Sterling hit fresh record lows versus a broadly strong euro on Friday after a report of easing UK house price inflation firmed expectations of near-term interest rate cuts.

The Nationwide building society said house prices fell 0.5 percent on the month in December, posting their second straight monthly decline. The annual rate of house price growth cooled to 4.8 percent, its lowest since May 2006 and down from 6.9 percent in November.

Such data leaves the door open for the Bank of England to follow this month's unanimous vote for a rate cut to 5.50 percent with another move in early 2008, perhaps even as soon as January.

"All this really does is add to the general sense that sterling is living on borrowed time," said Simon Derrick, head of currency research at Bank of New York Mellon.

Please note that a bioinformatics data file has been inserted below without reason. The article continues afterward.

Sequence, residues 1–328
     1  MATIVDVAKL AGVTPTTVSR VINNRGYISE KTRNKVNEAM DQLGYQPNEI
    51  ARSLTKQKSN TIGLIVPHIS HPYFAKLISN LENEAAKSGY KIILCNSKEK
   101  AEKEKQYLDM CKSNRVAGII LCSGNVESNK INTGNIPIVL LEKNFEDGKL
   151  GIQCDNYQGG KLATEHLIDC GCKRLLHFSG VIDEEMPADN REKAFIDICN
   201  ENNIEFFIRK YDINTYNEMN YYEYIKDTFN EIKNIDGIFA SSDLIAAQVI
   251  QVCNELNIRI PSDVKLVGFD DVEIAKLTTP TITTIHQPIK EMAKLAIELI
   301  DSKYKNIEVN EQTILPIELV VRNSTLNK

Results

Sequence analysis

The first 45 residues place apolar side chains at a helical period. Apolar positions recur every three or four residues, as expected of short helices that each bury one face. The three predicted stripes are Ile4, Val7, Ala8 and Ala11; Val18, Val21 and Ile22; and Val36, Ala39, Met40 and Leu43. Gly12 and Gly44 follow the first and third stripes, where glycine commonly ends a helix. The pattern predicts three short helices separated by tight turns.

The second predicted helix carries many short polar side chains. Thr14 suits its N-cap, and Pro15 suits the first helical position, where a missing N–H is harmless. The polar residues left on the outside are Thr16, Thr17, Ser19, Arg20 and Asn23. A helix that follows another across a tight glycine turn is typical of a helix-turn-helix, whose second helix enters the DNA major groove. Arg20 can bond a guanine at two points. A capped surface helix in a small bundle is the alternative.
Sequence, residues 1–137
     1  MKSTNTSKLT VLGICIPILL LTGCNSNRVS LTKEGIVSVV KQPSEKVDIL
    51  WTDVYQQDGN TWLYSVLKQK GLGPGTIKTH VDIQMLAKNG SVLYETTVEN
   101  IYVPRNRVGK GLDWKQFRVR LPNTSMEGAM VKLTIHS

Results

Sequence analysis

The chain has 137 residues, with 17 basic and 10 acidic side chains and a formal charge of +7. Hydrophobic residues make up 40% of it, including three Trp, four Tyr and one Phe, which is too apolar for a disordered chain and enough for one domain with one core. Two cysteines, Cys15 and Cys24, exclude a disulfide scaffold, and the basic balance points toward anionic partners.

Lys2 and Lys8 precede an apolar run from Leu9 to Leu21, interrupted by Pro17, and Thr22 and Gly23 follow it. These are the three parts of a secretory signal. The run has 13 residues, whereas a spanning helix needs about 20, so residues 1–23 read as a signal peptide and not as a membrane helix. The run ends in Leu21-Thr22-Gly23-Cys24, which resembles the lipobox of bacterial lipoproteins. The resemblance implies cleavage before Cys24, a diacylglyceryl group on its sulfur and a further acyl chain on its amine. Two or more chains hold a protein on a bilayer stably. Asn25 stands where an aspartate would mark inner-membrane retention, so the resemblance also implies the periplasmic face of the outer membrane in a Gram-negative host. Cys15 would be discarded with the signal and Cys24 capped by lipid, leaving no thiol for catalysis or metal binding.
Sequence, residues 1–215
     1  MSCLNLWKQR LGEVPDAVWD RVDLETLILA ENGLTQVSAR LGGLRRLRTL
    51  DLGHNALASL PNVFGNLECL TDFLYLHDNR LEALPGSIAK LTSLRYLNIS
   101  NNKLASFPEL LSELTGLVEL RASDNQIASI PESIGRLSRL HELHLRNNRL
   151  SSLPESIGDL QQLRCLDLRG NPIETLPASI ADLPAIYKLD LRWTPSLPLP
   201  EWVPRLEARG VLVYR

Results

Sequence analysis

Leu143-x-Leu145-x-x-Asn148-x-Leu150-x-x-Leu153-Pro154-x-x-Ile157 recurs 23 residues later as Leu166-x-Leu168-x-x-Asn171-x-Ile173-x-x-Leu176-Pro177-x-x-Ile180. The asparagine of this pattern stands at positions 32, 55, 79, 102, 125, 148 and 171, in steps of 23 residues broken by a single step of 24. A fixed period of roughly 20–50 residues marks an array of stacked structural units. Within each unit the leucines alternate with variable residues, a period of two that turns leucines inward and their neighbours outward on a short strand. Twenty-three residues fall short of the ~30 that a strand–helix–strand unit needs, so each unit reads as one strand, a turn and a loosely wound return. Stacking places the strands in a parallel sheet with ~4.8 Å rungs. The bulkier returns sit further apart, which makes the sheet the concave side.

He noted that short sterling futures are pricing in around 75 basis points worth of UK rates cuts in 2008, compared to prospects for a hike in the euro zone.

"In the circumstances it seems to me that the pressure on sterling will continue to build, because it is the most interest rate sensitive of all the (major) currencies," he said.

The euro rose to 73.42 pence, the highest in its 8-year history.

However the pound managed to hold its own versus the dollar, with the U.S. currency coming under pressure from weak durable goods data and the increase in risk aversion following Thursday's assassination of Pakistani opposition leader Benazir Bhutto.

This has plunged nuclear-armed Pakistan into one of the worst crises in its 60-year history and fuelled geopolitical uncertainty leading investors to exit risky positions like the carry trade.

Source supplied by Reuters